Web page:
While hatchery production of bivalves has a long and successful history, the challenges associated with consistently successfully rearing O. edulis raises specific questions. It was recognition that production remains inconsistent in many settings, that motivated several commercial and research hatcheries in Europe to collaborate to identify these priority research questions. The selected questions illustrate that substantial knowledge gaps remain in developing hatchery protocols for the selection of broodstock for restoration purposes, through to husbandry, diet for both broodstock and larvae, and hatchery management. These questions, while diverse, all have the potential to contribute to the scaling up of production; by improving the survival and growth of larvae, by reducing the risk of mass mortalities, improving the genetic suitability of seed produced, and by addressing the current lack of skilled technicians.
It is only once existing barriers in O. edulis production are overcome and production can take place at scale, that restoration efforts too will be able to meaningfully scale up. Given the functionally extinct status of native oyster reefs in Europe (Beck et al., 2011), and the density dependent fecundity of O. edulis (Guy et al., 2018), a great number of oysters will be needed to reverse the current threatened and declining status of this habitat building species (OSPAR Commission, 2009). It is our intention that these questions will be of use to researchers, funders and policy makers, as they seek to identify cost effective and collaborative ways to increase hatchery reliability in the face of rapidly growing demand for O. edulis seed for habitat restoration efforts, to meet this critical conservation challenge.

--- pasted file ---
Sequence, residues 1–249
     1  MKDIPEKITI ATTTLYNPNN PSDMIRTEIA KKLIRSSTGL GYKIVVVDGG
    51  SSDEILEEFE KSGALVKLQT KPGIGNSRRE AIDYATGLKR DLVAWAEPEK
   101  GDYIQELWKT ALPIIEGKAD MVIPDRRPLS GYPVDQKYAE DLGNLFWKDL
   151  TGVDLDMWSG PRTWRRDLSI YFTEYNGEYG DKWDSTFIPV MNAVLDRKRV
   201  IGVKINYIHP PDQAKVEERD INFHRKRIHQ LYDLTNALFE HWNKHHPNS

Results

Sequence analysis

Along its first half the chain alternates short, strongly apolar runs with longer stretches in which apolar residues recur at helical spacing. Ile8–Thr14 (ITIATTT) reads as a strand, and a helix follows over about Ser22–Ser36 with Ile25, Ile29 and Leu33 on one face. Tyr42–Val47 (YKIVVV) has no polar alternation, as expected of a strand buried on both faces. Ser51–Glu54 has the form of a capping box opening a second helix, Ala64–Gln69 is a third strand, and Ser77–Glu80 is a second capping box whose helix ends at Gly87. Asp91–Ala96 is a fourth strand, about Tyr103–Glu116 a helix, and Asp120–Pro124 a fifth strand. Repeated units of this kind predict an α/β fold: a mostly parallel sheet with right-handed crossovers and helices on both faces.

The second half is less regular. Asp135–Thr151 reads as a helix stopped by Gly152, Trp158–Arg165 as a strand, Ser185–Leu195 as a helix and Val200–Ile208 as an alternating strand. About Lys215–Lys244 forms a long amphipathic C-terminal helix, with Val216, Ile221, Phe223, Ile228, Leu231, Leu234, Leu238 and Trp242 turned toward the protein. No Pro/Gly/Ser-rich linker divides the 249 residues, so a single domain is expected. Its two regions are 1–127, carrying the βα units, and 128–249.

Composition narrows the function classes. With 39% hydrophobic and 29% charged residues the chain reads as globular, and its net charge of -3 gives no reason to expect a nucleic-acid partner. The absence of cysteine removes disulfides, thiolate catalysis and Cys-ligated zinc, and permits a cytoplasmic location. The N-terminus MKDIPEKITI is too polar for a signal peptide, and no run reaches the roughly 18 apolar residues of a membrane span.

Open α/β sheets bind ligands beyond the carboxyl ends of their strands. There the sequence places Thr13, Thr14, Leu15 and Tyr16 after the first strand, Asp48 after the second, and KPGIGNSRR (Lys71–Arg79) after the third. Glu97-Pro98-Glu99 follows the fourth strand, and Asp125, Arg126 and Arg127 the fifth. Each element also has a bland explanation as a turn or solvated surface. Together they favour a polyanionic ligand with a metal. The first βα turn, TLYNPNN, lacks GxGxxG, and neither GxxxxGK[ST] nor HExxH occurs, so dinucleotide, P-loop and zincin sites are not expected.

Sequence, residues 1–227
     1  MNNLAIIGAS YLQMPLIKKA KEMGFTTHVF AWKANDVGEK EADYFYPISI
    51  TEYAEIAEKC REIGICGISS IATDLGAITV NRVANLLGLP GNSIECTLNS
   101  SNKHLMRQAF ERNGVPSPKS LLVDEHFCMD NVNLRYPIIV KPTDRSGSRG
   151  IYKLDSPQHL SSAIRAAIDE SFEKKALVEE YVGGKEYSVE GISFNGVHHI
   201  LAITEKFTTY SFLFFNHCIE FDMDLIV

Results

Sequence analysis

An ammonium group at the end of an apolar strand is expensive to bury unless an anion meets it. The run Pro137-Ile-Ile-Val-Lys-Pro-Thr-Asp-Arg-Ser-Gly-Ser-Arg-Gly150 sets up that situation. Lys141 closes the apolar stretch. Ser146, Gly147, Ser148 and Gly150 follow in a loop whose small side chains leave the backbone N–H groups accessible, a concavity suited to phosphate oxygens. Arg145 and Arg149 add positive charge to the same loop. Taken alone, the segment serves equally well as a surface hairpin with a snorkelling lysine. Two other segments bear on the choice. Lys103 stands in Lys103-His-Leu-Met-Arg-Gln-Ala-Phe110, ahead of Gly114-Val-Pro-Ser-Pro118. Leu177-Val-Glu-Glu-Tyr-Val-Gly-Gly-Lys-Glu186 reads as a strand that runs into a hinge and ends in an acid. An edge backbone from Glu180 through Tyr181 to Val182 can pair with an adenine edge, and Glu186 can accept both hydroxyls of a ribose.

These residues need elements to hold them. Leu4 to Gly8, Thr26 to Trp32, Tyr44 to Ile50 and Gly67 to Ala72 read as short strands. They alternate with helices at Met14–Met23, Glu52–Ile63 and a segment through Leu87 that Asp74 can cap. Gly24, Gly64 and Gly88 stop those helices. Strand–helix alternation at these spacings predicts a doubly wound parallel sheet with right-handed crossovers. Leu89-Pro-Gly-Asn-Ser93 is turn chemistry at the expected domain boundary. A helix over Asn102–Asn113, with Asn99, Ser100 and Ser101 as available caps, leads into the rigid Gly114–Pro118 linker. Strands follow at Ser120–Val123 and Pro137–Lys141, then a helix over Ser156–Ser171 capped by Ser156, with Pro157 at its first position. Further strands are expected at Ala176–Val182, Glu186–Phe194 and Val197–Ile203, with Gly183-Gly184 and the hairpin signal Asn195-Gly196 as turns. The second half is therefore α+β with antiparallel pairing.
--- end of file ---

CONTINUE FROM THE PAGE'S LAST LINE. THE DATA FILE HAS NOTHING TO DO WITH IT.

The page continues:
This research was sponsored by the Dutch Ministry of Agriculture, Nature and Food Quality (BO-43-116.01-012). The authors would like to thank Nik Sachlikidis and the many other colleagues who assisted by providing questions, bibliographic material, comments, suggestions and corrections. BP and BC acknowledge the support of the PROCEED project, funded by the German Federal Agency for Nature Conservation, BfN, with funds from the German Federal Ministry for the Environment, BMUV, as part of the Federal Program on Biological Diversity. The contribution by the Centre for Applied Marine Sciences (TG, NJ, SM) was funded by the European Maritime and Fisheries Fund 2014–2020 (Project reference: 82363). MA, FdC, AH and SH acknowledge the support of RemediOS Project, developed with the collaboration of the Biodiversity Foundation (Spanish Ministry for Ecological Transition and the Demographic Challenge), through the Pleamar Program, co-financed by the European Maritime and Fisheries Fund (EMFF).